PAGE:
Some of the Chinese experts advising President Xi think that time has already come. They are the ones behind the Global Times editorial that threatened Chinese military intervention if the United States fires the first shot. These Chinese hard-liners are now trying to bring Russia on board with discussions about a joint statement warning the Trump administration against a preemptive attack on North Korea. They do not believe the United States is willing to risk a war with China and Russia to attempt a preemptive strike against North Korea that has a low probability of success.
Other Chinese experts don’t want the leadership to take such a huge step backwards and revert to a Cold War-style relationship with the United States. They agree there is no reason to expect North Korea to freeze or dismantle its nuclear weapons program, and that tightened sanctions and increased pressure only strengthen North Korean resolve. Nevertheless, they would rather work with the United States than against it. A tiny minority of those experts would even like the Chinese leadership to consider cooperating with the United States on military action against North Korea.
The chance of that happening is probably quite small. Chinese cooperation in US military action against North Korea would invite North Korean retaliation against China. And China’s leaders have good reason to doubt whether there will be any meaningful reciprocation from the Trump administration in exchange for taking such a huge risk. Chinese military and foreign policy analysts presume the United States will still see China as a rising economic and military threat. Moreover, the Trump administration’s notorious unpredictability would make any US promise unreliable.
Because the choice the United States is presenting to China is so unpalatable, the most likely Chinese response will be to wait out the storm and hope Trump is bluffing. US efforts to ratchet up inflammatory rhetoric and military exercises are unlikely to alter Chinese thinking. Chinese leaders have been confronting US threats and enduring US military posturing for decades. Moreover, there is a tendency in traditional Chinese military culture to believe that preparations for actual military moves are concealed, while advertised preparations, like anchoring a nuclear submarine in South Korea, or practicing air strikes, are for show. Mainstream Chinese interpretations of post-1949 US-China relations reinforce that tendency. From China’s point of view, the Trump administration’s threat to start a war with North Korea looks like a bluff.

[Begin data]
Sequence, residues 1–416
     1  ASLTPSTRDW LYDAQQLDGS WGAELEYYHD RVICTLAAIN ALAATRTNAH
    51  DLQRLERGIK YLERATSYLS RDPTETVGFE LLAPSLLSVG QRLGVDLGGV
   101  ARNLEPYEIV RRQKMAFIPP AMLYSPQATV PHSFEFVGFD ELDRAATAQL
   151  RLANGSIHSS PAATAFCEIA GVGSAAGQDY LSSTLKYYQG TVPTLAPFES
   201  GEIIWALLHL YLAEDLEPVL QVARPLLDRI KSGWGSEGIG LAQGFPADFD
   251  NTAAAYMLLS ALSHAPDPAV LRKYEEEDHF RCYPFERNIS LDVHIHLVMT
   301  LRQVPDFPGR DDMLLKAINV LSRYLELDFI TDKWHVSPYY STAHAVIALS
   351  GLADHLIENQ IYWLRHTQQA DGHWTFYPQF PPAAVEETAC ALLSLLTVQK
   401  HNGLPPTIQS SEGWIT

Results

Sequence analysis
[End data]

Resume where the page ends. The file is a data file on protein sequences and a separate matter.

If the Trump administration is bluffing, and the Chinese government manages to keep its cool, what happens then? Will China look like the wiser party? Will Japan and South Korea lose faith in Trump’s judgment? It is possible that instead of backing China into a corner, President Trump may find himself trapped in a situation where he feels he has to attack North Korea just to preserve his credibility in Asia.
It would not be the first time a US president fell into this trap. President Eisenhower got stuck in the same conundrum during the Taiwan Straights Crisis of 1954-55. The Joint Chiefs argued the United States had to attack China, and risk nuclear war with the Soviet Union, to preserve US credibility in the region. But Ike was a general too, understood the nature of war, and chose to subordinate concerns about credibility to caution and wait. He chose wisely. How President Trump would respond is a question worth pondering before pushing the strategy of “maximum pressure” to the breaking point.